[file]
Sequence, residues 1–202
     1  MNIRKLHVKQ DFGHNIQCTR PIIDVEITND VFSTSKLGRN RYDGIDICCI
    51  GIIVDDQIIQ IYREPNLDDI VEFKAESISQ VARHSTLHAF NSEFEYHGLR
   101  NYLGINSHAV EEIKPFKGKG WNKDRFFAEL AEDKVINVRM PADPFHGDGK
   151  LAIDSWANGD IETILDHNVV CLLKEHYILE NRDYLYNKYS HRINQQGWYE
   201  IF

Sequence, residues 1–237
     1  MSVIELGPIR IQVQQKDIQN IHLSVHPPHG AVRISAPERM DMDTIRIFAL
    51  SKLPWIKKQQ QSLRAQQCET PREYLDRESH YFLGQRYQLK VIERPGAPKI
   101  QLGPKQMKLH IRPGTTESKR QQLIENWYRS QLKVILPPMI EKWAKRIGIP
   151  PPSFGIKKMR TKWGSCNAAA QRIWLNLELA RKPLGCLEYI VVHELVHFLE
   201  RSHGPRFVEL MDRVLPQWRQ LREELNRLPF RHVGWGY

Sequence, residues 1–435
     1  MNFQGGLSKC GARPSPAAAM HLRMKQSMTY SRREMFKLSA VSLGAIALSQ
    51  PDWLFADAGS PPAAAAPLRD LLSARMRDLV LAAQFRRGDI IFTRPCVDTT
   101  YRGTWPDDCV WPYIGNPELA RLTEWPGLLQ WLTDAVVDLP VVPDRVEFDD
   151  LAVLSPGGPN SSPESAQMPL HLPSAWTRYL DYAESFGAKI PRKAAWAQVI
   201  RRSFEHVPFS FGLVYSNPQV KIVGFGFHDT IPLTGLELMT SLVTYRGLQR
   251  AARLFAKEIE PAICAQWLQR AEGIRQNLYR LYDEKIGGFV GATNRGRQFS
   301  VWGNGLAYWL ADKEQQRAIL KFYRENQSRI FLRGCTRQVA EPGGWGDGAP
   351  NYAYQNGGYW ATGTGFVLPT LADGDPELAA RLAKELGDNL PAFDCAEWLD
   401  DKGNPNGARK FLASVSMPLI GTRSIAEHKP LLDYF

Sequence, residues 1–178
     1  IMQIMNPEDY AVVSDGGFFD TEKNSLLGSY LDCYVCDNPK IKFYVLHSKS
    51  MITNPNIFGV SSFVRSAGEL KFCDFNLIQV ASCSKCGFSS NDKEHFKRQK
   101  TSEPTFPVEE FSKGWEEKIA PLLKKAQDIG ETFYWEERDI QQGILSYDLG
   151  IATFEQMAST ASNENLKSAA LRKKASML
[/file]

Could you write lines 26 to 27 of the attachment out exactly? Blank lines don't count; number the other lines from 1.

   101  TSEPTFPVEE FSKGWEEKIA PLLKKAQDIG ETFYWEERDI QQGILSYDLG
   151  IATFEQMAST ASNENLKSAA LRKKASML